For months on end I have battled to articulate myself when it comes to issues concerning my faith and my feminism – two things that I am unapologetic about. For someone as verbose as I am, being constantly stumped when it comes to this topic shows how complex Christian feminism is.
In many circles, I have seen people treat me differently and not take me serious after they find out that I am Christian – the type of Christian that is at church twice a Sunday and does daily Bible devotions. There is a belief that one cannot be “conscious” and Christian and I find myself caught in between a tug of war between two worlds that I truly deeply value.
Reconciling Christianity and feminism (more especially black feminism) is hard, almost impossible, because Christianity is often the vehicle used to perpetuate patriarchy and white supremacy.
People tend to focus on the patriarchy in the church – like patriarchy does not exist in all facets of society. However, I don’t see people asking women to quit their jobs because of the patriarchy in the working environment.
But the question still remains: Why do I stay?
Faithfully Feminist is a collection of essays from women who identify as feminist and also continue to practice their religion – be it Christianity, Islam or Judaism. Each essayist narrates the journey of reconciling her faith and feminism.
“The traditions themselves are not oppressive. It’s the interpretations that are,” said Gina Messina-Dysert, one of the book’s editors.
I agree with Messina-Dysert; many times when I read the Bible for myself I leave empowered and encouraged, but it is these same scriptures that have been used to justify sexism, racism and homophobia.
I am aware that many injustices have been perpetuated in the name of the Christian God – this was the very basis of colonialism. It makes me angry, sad and confused that this God that I revere, love and obey was used to enslave and hate my ancestors. Mariam Williams, a womanist writer and Christian, believes that we should not run away from this truth."This inconsistency between black identity and Christianity's role in the oppression of black people is something I think all black Christians who take the time to seriously think about their religion and why they are devoted to it must confront," she writes.
Christianity offers me a much needed place of assurance that I have not found in any other religion or atheism, even though I have tried. I am willing to self-contradict to ensure my spiritual and emotional wellness, but this does not ansolve me from questioning myself on these choices. To act as if these self-contradictions are reserved for those of us that stay within religious institutions would be a lie. These clashes exist within all spheres of life and this shows that decolonising is an ongoing work.
In many situations I feel like I am too feminist for my faith and too faithful for my feminism. It is a difficult path to follow, but I do not see my world existing without either so I have no choice and that is why I have chosen to make it work. So, I started applying my politics to the Bible and I discovered that Jesus, the cornerstone and foundation of Christianity, is a feminist.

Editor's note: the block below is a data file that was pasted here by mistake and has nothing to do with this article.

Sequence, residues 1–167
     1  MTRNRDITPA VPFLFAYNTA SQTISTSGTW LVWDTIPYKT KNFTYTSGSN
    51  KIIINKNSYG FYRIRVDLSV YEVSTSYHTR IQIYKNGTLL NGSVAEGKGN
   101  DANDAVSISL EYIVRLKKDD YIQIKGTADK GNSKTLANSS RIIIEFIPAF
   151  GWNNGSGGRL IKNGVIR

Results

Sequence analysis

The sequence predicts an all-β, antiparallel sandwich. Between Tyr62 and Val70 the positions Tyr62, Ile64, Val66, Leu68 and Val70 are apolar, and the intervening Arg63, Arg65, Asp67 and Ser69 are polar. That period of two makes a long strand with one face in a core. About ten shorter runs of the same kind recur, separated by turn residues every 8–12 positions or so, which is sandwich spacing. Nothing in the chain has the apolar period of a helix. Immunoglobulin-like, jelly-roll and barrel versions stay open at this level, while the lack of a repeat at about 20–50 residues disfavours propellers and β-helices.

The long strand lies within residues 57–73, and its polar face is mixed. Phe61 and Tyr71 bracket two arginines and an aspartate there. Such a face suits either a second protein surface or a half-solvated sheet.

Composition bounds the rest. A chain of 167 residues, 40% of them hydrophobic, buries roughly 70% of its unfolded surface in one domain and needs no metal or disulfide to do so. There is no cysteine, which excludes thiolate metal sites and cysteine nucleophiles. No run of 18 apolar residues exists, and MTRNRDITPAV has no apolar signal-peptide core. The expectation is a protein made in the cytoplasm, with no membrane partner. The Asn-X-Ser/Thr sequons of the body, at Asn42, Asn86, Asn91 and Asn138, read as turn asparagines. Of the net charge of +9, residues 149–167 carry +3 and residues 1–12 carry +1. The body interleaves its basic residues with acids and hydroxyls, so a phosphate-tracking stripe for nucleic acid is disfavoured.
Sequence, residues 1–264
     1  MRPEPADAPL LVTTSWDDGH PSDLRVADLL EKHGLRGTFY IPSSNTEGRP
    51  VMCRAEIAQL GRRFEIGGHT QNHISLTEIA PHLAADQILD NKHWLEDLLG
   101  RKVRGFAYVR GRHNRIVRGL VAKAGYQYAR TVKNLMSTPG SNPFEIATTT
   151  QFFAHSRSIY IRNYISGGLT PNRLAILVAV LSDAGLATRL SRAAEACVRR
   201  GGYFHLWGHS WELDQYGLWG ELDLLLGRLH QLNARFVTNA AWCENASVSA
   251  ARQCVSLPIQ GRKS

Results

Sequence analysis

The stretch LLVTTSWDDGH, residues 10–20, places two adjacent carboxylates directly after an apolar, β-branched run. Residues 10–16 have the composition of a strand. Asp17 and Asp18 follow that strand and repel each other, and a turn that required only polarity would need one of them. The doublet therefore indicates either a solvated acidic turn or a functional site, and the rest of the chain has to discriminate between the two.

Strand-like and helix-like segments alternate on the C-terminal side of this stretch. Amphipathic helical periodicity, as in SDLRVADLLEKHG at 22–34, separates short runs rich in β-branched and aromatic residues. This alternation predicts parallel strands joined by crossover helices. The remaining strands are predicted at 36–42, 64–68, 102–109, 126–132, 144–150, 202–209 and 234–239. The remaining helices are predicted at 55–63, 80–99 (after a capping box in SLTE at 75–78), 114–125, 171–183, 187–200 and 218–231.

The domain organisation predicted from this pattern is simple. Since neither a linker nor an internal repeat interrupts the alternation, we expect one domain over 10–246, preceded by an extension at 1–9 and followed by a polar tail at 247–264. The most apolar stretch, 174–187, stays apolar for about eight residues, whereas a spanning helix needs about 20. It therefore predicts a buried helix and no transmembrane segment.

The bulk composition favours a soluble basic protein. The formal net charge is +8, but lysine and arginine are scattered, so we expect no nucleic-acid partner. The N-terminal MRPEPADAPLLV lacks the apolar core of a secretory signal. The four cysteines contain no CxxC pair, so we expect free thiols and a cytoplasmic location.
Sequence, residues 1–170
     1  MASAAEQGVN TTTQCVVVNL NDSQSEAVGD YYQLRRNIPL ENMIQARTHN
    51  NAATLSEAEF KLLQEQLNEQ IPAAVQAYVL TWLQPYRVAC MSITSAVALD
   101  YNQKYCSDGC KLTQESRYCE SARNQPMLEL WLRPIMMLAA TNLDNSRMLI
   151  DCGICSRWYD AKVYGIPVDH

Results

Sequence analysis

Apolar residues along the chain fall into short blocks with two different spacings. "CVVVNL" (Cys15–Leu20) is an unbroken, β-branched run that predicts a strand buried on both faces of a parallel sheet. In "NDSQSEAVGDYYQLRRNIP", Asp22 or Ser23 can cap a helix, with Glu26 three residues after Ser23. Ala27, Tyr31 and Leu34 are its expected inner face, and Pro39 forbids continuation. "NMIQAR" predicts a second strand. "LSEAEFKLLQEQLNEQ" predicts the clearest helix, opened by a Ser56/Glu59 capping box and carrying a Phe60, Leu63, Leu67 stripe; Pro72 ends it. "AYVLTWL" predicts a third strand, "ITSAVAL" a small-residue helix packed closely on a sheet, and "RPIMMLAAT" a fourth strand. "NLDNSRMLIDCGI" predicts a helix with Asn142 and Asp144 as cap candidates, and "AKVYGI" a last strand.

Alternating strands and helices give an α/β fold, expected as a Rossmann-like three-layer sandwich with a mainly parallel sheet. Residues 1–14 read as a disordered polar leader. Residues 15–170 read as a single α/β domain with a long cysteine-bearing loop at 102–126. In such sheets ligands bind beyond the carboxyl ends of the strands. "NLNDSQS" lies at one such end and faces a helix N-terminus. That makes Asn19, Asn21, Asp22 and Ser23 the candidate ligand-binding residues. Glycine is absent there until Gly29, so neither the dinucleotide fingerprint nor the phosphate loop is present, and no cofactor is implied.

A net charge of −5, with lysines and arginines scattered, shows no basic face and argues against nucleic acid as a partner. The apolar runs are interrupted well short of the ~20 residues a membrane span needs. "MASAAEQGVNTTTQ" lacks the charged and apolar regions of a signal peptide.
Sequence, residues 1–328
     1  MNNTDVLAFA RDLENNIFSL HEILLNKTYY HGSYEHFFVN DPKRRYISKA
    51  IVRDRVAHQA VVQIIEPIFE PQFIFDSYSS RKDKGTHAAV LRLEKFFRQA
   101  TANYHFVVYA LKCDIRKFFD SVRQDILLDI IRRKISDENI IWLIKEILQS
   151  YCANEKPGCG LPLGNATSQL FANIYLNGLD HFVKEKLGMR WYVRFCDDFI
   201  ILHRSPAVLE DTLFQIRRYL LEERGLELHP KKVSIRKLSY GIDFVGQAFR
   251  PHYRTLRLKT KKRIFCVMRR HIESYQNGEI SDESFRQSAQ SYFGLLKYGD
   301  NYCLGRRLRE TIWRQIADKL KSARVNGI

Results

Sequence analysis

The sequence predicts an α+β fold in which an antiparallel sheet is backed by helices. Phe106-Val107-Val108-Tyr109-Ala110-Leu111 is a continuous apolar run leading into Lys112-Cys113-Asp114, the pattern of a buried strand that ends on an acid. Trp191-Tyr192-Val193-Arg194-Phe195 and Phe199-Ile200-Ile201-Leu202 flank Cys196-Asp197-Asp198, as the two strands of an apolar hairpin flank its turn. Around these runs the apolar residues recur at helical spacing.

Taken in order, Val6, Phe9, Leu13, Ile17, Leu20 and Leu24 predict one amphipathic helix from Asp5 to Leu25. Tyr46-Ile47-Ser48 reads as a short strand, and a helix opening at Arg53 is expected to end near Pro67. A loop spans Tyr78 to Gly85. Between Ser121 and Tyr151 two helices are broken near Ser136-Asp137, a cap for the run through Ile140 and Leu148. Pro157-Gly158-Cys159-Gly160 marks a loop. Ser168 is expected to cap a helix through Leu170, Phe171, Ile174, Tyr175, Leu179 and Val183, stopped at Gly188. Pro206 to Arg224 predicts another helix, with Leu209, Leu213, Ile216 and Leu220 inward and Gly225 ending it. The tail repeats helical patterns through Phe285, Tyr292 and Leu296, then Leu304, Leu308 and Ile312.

It is important that we are mindful of the time and cultural context in which Jesus was alive – a time where women were not even allowed to sit at the feet of a Rabbi for teachings. And that is why some of the things the Bible stipulates about women are oppressive. However, Mary sat at the feet of Jesus while he taught as written in Luke 10:38-42. Throughout the Gospel of Luke, Jesus challenges the patriarchy of his culture by having women at the forefront of his ministry. It is through women like Mary Magdalene, which he called out his own disciplines for slut shaming her, that his led his ministry.
My first encounter with a feminist within a church was a man. He impregnated his partner out of wedlock and according to that church’s rules, the woman must be excommunicated to reflect on the sin of pre-marital sex. He objected to this and said that if his partner must be excommunicated then he also should be – because the sin was committed by the both of them. If that is not an act of feminism I don’t know what is.
It would be naïve for me to ignore the fact that women have been oppressed and abused because of religion – even my own. This is one of the reasons I stay, I believe in actively working towards dismantling the patriarchy within the church as much as I work to dismantling it outside of the church. I do not see this happening if I, and many other women who share my views, opt out of our faith. Patriarchy must fall in all spaces – including the church, but it will not if all women who see it as problematic leave the church.
I often feel marginalised by both my faith and feminism. I have been particularly defensive of my faith to feminists because that is easier than having to object to my beliefs, but I am learning to embrace the discomfort both worlds has to offer. I am also learning that my faith and feminism do not have to look like someone else’s in order to be acceptable. In her book, Sister Outsider: Essays and speeches, Audre Lorde writes,
“Unity does not require that we be identical to each other. Order to be acceptable it must be capable of being homogenous to the larger structure, however this is the very basis of racism, homophobia and all the things we as intersectional feminist strive for.”
So, I choose to stay because my personal relationship with God is a real one. I stay because it is my faith that fuels my views on gender equality and justice. It is in the midst of this tug of war that I have loved Jesus more – and because of that, I am a feminist.